"We are going to try to get those individuals answers," Khuzami announced, as to "whether or not there is criminal interest in the case — so that defense counsel can have as much information as possible in deciding whether or not to choose to sign up their client."
Aguirre, listening in the crowd, couldn't believe Khuzami's brazenness. The SEC's enforcement director was saying, in essence, that firms like Goldman Sachs and AIG and Lehman Brothers will henceforth be able to get the SEC to act as a middleman between them and the Justice Department, negotiating fines as a way out of jail time. Khuzami was basically outlining a four-step system for banks and their executives to buy their way out of prison. "First, the SEC and Wall Street player make an agreement on a fine that the player will pay to the SEC," Aguirre says. "Then the Justice Department commits itself to pass, so that the player knows he's 'safe.' Third, the player pays the SEC — and fourth, the player gets a pass from the Justice Department."
When I ask a former federal prosecutor about the propriety of a sitting SEC director of enforcement talking out loud about helping corporate defendants "get answers" regarding the status of their criminal cases, he initially doesn't believe it. Then I send him a transcript of the comment. "I am very, very surprised by Khuzami's statement, which does seem to me to be contrary to past practice — and not a good thing," the former prosecutor says.
Earlier this month, when Sen. Chuck Grassley found out about Khuzami's comments, he sent the SEC a letter noting that the agency's own enforcement manual not only prohibits such "answer getting," it even bars the SEC from giving defendants the Justice Department's phone number. "Should counsel or the individual ask which criminal authorities they should contact," the manual reads, "staff should decline to answer, unless authorized by the relevant criminal authorities." Both the SEC and the Justice Department deny there is anything improper in their new policy of cooperation. "We collaborate with the SEC, but they do not consult with us when they resolve their cases," Assistant Attorney General Lanny Breuer assured Congress. in January. "They do that independently."
Around the same time that Breuer was testifying, however, a story broke that prior to the pathetically small settlement of $75 million that the SEC had arranged with Citigroup, Khuzami had ordered his staff to pursue lighter charges against the megabank's executives. According to a letter that was sent to Sen. Grassley's office, Khuzami had a "secret conversation, without telling the staff, with a prominent defense lawyer who is a good friend" of his and "who was counsel for the company." The unsigned letter, which appears to have come from an SEC investigator on the case, prompted the inspector general to launch an investigation into the charge.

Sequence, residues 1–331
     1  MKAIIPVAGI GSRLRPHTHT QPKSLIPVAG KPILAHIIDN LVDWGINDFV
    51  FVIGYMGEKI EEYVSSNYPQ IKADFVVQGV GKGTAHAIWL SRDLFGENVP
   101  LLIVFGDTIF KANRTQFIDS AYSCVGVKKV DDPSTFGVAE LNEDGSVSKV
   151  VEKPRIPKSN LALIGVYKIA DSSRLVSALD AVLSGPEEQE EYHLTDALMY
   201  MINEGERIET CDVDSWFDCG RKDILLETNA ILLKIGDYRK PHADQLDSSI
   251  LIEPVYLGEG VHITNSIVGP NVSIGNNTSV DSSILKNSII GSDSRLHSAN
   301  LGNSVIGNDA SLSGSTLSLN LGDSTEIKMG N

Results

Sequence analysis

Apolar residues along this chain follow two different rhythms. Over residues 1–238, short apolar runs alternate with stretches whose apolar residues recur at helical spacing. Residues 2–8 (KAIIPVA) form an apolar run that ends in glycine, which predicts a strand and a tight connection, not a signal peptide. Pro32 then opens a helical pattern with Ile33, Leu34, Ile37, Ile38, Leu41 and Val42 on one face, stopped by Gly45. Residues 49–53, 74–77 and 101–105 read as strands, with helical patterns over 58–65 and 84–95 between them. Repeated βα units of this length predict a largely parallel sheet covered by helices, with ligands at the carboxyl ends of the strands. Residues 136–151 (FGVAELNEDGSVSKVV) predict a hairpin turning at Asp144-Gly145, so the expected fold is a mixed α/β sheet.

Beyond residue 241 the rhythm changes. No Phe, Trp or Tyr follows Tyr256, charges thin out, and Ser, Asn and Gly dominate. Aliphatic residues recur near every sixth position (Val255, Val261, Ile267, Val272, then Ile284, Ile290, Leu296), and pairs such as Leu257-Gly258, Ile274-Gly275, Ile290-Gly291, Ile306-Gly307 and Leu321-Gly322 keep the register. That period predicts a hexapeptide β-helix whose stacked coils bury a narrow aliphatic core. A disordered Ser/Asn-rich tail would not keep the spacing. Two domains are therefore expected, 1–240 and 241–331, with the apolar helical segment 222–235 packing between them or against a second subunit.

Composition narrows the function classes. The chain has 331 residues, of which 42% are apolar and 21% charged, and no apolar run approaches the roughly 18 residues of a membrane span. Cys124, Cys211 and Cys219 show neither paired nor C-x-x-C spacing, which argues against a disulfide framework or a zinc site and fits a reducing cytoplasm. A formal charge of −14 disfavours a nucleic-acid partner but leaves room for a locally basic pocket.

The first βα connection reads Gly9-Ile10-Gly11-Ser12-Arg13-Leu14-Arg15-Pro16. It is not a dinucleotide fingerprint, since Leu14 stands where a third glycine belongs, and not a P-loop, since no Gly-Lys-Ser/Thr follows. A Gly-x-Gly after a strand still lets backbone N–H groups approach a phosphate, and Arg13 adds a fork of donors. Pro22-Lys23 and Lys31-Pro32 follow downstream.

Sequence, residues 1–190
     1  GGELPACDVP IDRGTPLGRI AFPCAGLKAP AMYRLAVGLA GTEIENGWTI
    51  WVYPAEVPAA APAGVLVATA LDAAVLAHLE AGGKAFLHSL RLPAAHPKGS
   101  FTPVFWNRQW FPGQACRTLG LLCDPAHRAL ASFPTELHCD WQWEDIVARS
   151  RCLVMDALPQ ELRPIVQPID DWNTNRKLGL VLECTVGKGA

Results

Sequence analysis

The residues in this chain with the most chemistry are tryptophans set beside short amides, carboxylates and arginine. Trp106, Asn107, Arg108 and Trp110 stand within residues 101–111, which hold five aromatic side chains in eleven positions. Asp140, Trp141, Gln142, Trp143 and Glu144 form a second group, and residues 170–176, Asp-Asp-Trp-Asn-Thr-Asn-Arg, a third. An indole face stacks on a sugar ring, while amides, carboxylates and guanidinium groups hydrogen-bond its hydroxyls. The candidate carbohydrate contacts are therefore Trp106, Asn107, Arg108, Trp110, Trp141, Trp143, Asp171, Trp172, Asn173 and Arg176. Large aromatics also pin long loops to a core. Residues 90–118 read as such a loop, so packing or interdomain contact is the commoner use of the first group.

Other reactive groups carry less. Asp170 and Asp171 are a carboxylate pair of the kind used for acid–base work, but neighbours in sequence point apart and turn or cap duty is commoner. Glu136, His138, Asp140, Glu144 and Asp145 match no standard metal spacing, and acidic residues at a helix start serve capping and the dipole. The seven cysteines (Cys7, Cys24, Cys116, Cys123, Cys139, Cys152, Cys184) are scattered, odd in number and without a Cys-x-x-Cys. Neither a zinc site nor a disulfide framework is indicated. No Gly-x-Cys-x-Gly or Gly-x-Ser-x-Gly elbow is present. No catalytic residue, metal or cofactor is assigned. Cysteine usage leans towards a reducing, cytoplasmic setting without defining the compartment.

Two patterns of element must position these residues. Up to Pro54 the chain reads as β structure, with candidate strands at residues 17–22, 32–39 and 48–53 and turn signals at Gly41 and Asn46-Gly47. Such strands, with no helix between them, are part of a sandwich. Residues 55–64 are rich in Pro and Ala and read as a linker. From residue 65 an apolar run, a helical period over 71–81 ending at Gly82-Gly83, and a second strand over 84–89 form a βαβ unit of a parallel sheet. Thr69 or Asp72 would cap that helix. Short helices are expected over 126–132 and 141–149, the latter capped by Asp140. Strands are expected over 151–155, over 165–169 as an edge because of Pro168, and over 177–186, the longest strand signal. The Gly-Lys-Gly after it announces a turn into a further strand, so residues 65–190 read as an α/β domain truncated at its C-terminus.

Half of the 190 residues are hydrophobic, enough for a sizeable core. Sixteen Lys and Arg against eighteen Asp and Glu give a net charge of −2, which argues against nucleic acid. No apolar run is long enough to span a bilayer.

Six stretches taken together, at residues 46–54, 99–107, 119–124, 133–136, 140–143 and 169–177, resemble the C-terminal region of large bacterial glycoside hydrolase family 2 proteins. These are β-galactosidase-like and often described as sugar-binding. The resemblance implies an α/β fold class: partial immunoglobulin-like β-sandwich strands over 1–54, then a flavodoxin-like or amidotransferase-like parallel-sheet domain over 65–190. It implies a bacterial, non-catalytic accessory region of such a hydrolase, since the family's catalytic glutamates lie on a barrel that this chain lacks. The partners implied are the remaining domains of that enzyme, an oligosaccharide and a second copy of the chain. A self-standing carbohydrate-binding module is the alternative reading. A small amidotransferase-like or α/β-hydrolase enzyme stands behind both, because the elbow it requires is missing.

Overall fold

All of this paints a disturbing picture of a closed and corrupt system, a timeless circle of friends that virtually guarantees a collegial approach to the policing of high finance. Even before the corruption starts, the state is crippled by economic reality: Since law enforcement on Wall Street requires serious intellectual firepower, the banks seize a huge advantage from the start by hiring away the top talent. Budde, the former Lehman lawyer, says it's well known that all the best legal minds go to the big corporate law firms, while the "bottom 20 percent go to the SEC." Which makes it tough for the agency to track devious legal machinations, like the scheme to hide $263 million of Dick Fuld's compensation.
"It's such a mismatch, it's not even funny," Budde says.
But even beyond that, the system is skewed by the irrepressible pull of riches and power. If talent rises in the SEC or the Justice Department, it sooner or later jumps ship for those fat NBA contracts. Or, conversely, graduates of the big corporate firms take sabbaticals from their rich lifestyles to slum it in government service for a year or two. Many of those appointments are inevitably hand-picked by lifelong stooges for Wall Street like Chuck Schumer, who has accepted $14.6 million in campaign contributions from Goldman Sachs, Morgan Stanley and other major players in the finance industry, along with their corporate lawyers.
As for President Obama, what is there to be said? Goldman Sachs was his number-one private campaign contributor. He put a Citigroup executive in charge of his economic transition team, and he just named an executive of JP Morgan Chase, the proud owner of $7.7 million in Chase stock, his new chief of staff. "The betrayal that this represents by Obama to everybody is just — we're not ready to believe it.